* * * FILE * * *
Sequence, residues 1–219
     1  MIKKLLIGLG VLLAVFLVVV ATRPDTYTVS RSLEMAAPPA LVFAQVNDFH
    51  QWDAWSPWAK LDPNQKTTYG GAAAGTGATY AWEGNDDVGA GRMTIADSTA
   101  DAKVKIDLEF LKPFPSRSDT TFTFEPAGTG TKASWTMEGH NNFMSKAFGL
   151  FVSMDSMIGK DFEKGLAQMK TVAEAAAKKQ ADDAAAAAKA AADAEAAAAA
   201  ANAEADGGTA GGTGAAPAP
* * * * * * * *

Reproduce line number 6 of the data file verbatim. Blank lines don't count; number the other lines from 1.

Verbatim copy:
   201  ANAEADGGTA GGTGAAPAP